Nader: The best drug treatment is treatment that the user chooses. It is a lot less expensive, and less damaging to the individual, to make drug treatment as available as any other health service then it is to have the government arrest, prosecute, incarcerate and then force someone into treatment. So, the first choice is to make treatment as easily available as possible. That means making it affordable and user-friendly, i.e. located in neighborhoods where people can access it, and have treatment available to treat individual needs. (For example, many drug addicted women have been victims of sexual or spousal abuse -- this needs to be incorporated into drug treatment.) Treatment also needs to include programs that reduce the harm from drug abuse, e.g. preventing the spread of HIV/AIDS through needle exchange programs. And, we need to recognize that the most effective barometer of whether someone is going to succeed in drug treatment is whether they have a job. Thus, the US needs to be creating jobs that can give people hope and opportunity in life. While there are problems with coerced treatment, it is better to give people a choice of treatment instead of incarceration as done in many of the better drug court programs currently in existence and as has been passed by voters in California and other states.

Chronicle: Should drug treatment be available on demand? If so, how do you pay for it?

Nader: On our web site we have a detailed plan for making health care available to all Americans -- this should include substance abuse treatment and prevention. The Nader campaign supports a single-payer health care plan that replaces for-profit, investor-owned health care and removes the private health insurance industry (full Medicare for all). A major problem with our health care system is that we spend an inordinate amount of money on unnecessary bureaucracy and duplicative overhead caused primarily by our reliance on the private health insurance industry. Indeed, 25% of every dollar spent on health care in the US goes to duplicative and unnecessary overhead. The United States spends far more on health care than any other country in the world on a per capita basis, but ranks only 37th in the overall quality of health care it provides, according to the World Health Organization. The US is the only industrialized country that does not provide universal health care. Forty-five million Americans have no health insurance, and tens of millions more are underinsured. Providing universal health care can only be accomplished through a single-payer system: no country ever achieved universal coverage with private health insurance. President Harry Truman proposed universal health care in 1948 but was rebuffed by Congress. The time to act is yesterday. Let us end our disastrous descent into the corporatization of medicine and its callous consequences.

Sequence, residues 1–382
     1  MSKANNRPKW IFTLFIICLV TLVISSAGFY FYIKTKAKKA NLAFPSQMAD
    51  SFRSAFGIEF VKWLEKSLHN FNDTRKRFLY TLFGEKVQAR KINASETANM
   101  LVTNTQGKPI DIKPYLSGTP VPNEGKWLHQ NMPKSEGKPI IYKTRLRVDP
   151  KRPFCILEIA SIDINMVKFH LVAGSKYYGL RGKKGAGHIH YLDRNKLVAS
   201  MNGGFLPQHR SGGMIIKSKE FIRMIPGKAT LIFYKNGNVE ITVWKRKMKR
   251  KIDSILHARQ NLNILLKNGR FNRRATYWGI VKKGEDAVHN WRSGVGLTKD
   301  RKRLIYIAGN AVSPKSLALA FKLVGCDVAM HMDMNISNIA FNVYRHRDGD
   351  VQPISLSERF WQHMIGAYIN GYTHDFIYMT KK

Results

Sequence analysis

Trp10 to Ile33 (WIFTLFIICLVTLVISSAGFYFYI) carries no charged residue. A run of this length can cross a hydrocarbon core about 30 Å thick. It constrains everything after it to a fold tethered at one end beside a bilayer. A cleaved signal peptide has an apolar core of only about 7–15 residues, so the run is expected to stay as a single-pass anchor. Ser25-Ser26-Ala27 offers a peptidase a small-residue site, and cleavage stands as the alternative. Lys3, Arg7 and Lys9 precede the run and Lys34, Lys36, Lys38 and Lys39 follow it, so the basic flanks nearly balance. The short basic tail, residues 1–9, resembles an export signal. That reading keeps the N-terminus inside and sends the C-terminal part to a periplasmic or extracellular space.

Chronicle: Is the drug war, and more broadly, the criminal justice system, racist?

Nader: The drug war and criminal injustice system certainly have a racially unfair impact. The facts on this are evident, according to federal surveys, "most current illicit drug users are white. There were an estimated 9.9 million whites (72 percent of all users), 2.0 million blacks (15 percent), and 1.4 million Hispanics (10 percent) who were current illicit drug users in 1998." Despite these facts, African Americans constitute 36.8% of those arrested for drug violations, over 42% of those in federal prisons for drug violations. African-Americans comprise almost 58% of those in state prisons for drug felonies; Hispanics account for 20.7%. From racial profiling to discretionary decisions of prosecutors and judges, African Americans and Latinos are treated more harshly than European-Americans.

Chronicle: Your issue statements on criminal justice and the war on drugs illustrate some of the harm done by the drug war. The evidence of the damage is irrefutable, yet little changes. Why is reforming our drug policies such an intractable issue?